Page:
A letter from a dad named Monty has touched on a rather challenging dilemma for the National Center for Fathering: how can we talk and write about healthy fathering when so many dads out there rarely even have the opportunity to be an effective father?
Monty is a twice-divorced dad who wrote this:
I appreciate your magazine because it fills a void prevalent in our society, the raising and training of fathers. But … the anguish I feel in not being present for my children escalates when I read about ideal fathering. And well it is that you should continue writing. But chances are I’m one of many displaced fathers. Whether we’re cowards or not … thoughts on ideal fathering do not help.
We know that not all dads can understand all the frustrations that divorced dads may go through—men who still strive to make the best out of an imperfect situation. Other dads can only imagine what it must be like to deal with custody, child support, or other conflicts that come with a divorce.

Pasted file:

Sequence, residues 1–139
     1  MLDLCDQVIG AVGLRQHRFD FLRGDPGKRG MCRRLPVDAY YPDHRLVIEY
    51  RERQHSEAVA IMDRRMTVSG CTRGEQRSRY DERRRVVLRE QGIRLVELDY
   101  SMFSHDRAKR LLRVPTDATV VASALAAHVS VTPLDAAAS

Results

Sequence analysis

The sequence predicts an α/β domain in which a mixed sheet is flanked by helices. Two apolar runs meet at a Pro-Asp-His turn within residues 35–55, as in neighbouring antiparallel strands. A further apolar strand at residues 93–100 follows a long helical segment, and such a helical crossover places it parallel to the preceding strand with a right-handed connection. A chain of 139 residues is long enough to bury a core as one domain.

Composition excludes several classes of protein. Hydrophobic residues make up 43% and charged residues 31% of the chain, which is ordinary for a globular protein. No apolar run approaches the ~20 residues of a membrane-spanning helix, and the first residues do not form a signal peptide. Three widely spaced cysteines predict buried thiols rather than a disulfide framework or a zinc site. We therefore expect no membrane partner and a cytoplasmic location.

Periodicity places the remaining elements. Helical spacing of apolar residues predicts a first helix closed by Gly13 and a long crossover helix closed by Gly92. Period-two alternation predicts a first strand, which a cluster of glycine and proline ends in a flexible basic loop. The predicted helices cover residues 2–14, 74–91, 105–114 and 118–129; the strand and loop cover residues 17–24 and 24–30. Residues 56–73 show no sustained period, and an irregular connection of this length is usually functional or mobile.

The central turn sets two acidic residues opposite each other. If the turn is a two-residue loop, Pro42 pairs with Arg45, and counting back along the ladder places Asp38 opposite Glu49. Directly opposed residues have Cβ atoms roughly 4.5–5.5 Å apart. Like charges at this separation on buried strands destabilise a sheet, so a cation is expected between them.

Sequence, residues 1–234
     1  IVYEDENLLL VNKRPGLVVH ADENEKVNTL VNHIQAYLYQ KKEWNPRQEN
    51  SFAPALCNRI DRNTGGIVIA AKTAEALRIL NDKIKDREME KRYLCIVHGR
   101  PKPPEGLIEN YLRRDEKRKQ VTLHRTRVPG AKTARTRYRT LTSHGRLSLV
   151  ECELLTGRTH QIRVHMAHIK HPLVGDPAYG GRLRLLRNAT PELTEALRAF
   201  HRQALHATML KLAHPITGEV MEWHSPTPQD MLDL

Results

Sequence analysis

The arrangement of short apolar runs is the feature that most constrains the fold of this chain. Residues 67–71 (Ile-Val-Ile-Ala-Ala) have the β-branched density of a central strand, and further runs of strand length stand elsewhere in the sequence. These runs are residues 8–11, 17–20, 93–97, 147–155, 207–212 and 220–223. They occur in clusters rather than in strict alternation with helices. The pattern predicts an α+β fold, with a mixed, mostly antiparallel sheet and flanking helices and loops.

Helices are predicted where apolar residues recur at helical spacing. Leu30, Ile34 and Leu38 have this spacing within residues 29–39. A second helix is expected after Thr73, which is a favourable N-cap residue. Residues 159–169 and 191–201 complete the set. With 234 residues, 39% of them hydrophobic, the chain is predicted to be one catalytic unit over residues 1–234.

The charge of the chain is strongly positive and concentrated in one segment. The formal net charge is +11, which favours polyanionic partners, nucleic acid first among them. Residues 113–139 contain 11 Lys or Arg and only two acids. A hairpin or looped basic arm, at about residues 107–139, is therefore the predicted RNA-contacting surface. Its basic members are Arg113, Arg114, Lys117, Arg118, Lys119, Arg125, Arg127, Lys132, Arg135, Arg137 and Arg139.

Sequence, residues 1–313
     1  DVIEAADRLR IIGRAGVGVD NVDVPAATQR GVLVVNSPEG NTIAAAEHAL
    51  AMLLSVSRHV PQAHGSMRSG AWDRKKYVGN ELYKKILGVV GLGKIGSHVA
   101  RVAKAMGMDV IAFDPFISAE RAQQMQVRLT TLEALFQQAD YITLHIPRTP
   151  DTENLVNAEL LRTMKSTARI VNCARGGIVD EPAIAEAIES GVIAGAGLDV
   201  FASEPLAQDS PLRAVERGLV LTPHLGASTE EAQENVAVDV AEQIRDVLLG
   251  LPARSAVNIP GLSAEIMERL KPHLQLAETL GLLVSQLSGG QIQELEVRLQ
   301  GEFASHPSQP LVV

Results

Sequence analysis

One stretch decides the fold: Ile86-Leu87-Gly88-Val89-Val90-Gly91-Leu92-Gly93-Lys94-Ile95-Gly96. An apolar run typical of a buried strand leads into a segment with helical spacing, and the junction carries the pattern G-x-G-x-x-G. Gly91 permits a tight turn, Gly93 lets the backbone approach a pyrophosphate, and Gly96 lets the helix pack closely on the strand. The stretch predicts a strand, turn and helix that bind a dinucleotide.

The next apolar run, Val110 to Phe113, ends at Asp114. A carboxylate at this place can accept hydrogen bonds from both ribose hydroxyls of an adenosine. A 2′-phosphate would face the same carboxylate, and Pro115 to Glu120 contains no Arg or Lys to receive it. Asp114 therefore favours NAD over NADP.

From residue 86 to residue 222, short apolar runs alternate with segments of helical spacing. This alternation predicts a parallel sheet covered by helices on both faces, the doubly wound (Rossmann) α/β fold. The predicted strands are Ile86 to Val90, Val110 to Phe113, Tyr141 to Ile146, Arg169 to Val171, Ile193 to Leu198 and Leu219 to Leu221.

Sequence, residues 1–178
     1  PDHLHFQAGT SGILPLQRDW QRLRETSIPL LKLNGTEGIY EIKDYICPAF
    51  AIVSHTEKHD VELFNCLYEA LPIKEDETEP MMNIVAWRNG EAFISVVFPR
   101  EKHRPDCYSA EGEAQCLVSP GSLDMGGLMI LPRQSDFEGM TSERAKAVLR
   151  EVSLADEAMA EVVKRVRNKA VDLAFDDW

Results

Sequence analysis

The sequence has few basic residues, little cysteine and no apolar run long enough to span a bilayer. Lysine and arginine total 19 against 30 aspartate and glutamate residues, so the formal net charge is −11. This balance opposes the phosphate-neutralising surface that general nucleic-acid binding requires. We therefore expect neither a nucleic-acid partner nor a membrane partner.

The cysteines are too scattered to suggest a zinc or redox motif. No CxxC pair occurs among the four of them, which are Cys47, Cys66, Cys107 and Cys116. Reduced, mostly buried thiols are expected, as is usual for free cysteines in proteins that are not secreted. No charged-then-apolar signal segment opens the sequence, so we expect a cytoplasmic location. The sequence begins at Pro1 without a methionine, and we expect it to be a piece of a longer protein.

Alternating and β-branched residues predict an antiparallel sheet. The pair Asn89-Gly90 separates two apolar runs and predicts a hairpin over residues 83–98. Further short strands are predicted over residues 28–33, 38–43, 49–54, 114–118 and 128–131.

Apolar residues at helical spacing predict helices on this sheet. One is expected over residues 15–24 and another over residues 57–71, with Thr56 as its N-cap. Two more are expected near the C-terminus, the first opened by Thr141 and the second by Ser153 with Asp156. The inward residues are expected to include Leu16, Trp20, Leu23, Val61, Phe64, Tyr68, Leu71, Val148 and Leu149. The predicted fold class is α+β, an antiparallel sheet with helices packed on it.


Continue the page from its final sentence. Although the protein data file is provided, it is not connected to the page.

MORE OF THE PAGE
You may feel pain and regret; you may be angry and for good reason; you may feel like your insides are raw with stinging sadness. Maybe the best advice is to do all you can to turn negative energy into positive. Use your adrenaline from negative emotions to claim a firm resolve be the father your children need. Channel moments of regret into creative planning times for connecting positively with your children.
Don Mathis is a divorced dad who has done just that. In the midst of a bitter battle with his ex-wife, he has written this heartfelt poem, called “Daddy’s Dream”:
Though I’m not there to turn off the light,
To tuck you in and kiss you goodnight,
To read a book, or get you a drink,
It’s you I love, and of you I think.
If you were here, I’d give you a squeeze,
And ask if you could give me one please.
So to the day we’d say our good-byes.
As we lay down and close our eyes.
Dad, whatever your situation, hang in there. Your kids need you.
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